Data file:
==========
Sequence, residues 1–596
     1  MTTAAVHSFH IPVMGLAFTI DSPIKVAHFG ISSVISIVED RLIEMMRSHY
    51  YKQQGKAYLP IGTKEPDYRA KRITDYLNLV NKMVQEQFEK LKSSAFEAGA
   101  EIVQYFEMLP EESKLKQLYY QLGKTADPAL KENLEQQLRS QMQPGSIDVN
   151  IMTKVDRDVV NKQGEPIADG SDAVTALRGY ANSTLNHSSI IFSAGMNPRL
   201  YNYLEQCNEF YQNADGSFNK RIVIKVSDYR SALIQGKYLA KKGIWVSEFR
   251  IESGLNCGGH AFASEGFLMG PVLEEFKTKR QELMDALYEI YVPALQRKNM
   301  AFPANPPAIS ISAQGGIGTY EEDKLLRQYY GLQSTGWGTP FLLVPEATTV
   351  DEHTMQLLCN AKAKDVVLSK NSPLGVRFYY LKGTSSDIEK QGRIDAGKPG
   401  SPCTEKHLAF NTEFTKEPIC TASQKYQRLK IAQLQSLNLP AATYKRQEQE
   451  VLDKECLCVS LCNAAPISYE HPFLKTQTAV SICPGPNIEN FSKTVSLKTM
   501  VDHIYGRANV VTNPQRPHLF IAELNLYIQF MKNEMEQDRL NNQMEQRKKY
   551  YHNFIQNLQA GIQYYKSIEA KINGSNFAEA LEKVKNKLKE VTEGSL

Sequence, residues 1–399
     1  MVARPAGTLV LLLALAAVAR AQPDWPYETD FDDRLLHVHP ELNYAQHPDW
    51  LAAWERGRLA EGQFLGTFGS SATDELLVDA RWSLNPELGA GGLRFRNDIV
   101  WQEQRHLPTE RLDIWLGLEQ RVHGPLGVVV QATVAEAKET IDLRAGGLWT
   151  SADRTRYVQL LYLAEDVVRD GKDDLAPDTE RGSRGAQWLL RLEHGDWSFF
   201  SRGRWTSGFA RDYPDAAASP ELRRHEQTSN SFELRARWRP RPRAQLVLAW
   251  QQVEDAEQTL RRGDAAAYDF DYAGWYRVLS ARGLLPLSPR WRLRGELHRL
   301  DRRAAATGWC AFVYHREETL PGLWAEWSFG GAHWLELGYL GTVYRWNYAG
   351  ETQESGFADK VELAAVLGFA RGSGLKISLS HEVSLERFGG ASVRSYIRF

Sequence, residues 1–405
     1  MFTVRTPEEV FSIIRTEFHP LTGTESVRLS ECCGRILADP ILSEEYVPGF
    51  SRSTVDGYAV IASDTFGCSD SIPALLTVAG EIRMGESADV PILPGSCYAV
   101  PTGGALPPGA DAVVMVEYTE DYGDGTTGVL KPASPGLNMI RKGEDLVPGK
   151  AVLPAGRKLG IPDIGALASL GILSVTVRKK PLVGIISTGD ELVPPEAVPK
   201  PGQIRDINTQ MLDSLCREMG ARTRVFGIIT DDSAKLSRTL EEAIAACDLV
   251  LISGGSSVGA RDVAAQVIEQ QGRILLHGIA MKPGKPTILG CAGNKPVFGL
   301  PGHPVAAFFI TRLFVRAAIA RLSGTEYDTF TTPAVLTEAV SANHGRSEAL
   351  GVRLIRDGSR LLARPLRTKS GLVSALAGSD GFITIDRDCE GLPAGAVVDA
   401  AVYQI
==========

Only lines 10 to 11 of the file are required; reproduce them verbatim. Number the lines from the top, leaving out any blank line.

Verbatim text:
   401  SPCTEKHLAF NTEFTKEPIC TASQKYQRLK IAQLQSLNLP AATYKRQEQE
   451  VLDKECLCVS LCNAAPISYE HPFLKTQTAV SICPGPNIEN FSKTVSLKTM